The Makaveli Book by veteran Death Row Records engineer Tommy D. Daugherty reveals some amazing stories and in-studio moments from the music industry titan. Despite all those juicy details, the most fascinating tales are about the unique relationships artists often form with engineers who help bring their visions to life.

“I would tell Death Row stories at a party and in the studio,” Daugherty tells HipHopDX. “Everyone kept saying, you should write a book, and I thought, shit — they’re right. I figured I’m not disrespecting anyone or putting anyone in jeopardy. These are just fun, cool stories that I think fans would like to read.”

Historically, the engineer is one of the most uncelebrated roles within the music industry — at least publicly. But these unheralded people have been involved in albums that defined an era that many of us hold dear.

Ethan Ryman, for example, was the engineer for both Wu-Tang Clan and Ol Dirty Bastard’s debut albums. Diego Garrido was the engineer for Nas’ holy grail of Hip Hop, Illmatic. That puts them in the studio and behind the boards for some of the most important sessions in the genre.

For Daugherty, his most memorable friendship was the one he struck up with Tupac Shakur. He became Pac’s chief engineer shortly after All Eyez On Me, and, along with associate engineer Lance Pierre, spent a frantic two days (roughly) recording the songs for what would become Pac’s final album, The Don Killuminati: The 7 Day Theory. Daugherty was never even paid to work on the LP, according to the details of his Kickstarter campaign.

In the book, he shares numerous stories, such as the first session that led him to become Pac’s go-to man. Earlier that evening, he had been with Dr. Dre and Jimmy Iovine where Dre’s departure from Death Row was finalized. The situation left him in a precarious state of mind, holding on to such a big secret.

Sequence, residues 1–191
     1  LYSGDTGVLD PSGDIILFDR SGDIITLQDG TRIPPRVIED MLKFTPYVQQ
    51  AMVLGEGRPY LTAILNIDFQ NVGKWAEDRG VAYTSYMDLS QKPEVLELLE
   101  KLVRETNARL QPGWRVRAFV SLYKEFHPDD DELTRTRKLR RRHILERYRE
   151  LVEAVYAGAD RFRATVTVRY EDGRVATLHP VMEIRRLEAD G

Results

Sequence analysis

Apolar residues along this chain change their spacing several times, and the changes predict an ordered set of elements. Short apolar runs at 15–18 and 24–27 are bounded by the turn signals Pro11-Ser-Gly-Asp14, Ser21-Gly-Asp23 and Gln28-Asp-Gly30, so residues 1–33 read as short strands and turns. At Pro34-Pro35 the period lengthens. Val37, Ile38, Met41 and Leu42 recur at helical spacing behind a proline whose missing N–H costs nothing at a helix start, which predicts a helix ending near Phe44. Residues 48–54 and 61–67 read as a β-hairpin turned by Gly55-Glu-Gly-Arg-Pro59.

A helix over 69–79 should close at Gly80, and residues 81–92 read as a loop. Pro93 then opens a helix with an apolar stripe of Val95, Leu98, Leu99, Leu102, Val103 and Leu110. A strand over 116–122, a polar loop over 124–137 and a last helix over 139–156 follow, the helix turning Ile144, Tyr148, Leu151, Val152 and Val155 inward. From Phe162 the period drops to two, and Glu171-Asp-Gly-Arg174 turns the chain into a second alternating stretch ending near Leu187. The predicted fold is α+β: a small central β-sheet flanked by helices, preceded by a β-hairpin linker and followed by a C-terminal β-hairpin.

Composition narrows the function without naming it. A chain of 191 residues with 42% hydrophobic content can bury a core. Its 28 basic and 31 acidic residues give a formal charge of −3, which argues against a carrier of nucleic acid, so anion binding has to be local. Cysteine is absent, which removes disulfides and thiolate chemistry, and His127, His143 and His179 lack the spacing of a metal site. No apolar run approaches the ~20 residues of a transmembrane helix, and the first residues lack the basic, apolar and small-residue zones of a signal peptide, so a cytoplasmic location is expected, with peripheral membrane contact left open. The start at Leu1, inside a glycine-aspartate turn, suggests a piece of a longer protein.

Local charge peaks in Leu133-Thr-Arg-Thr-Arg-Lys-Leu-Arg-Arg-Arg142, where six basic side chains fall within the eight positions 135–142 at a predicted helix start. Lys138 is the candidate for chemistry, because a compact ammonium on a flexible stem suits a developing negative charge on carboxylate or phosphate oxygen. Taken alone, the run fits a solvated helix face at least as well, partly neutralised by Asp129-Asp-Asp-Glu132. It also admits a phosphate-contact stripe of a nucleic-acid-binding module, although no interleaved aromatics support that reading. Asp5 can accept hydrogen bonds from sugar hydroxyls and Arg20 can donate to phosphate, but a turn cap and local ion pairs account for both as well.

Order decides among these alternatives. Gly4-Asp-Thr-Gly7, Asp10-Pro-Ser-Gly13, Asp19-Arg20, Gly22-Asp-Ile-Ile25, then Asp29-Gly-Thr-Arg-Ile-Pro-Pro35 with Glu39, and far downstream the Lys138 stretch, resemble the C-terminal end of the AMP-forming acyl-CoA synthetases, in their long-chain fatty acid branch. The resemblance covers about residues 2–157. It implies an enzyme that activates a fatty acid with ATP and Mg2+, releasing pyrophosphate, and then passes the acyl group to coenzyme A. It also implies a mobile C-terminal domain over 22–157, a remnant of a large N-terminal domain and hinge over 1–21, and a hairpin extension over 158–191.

“I had no idea how fast he was,” Daugherty remembers about his first time working with Pac. “I put a beat on and thought it was a typical Snoop session — that usually involves lots of weed and taking a while for a verse to be ready. I went to use the phone, and one of Pac’s bodyguards came out and got me … ‘Pac is pissed, you better get in there now,’ he told me.”

Pac was ready to go a few minutes after he heard the beat, but after a tense discussion, Daugherty made it through the session. The following night, Pac appointed him as his chief engineer. During the next session, they cranked out 11 songs.

Just before they began to work on the Makaveli project, they were working on what was supposed to be an underground mixtape loaded with diss records.

“Suge gave him an order to make a diss album for the black market,” Daugherty revealed. “One night I got drunk and asked him, ‘Why do we have to make another record about Nas? We might as well just give him a billboard.’ I asked, ‘Why not make something with social or political relevance … something like Gil Scott-Heron would do?’ Pac said, ‘Ok — let’s start this Makaveli album.’ Lance [Pierre] was ecstatic.”

Daugherty also recalled sitting in the studio with Pierre after the first recording session for the album.

“The first session we recorded ‘Blasphemy’ and ‘Hail Mary.’ We told security that we were in there mixing, but the truth is, we had it done. Lance and I just sat there and listened to ‘Hail Mary’ over and over.”

Tommy D has worked with a long list of lost legends, including names like Michael Jackson, Prince and Nate Dogg. He began working with Death Row Records around the time the label was preparing the soundtrack for Above The Rim. He remained there until the label’s downfall.

His tenure at the notorious record label traversed milestones like Dr. Dre’s departure, which he was privy to before Suge, and the escalation of the East Coast/West Coast war. Still, he insists that the book is more lighthearted than it seems. He even describes it as a “comedy.” It’s a collection of fun stories Hip Hop heads will salivate over.

While there exists a romantic concept of your favorite producer and artist in the studio together — there is usually a hard working engineer behind the boards. We can only hope more books like Daugherty’s pop up with behind the scenes insight about some of our favorite albums and artists.

You can check out the Kickstarter campaign, here.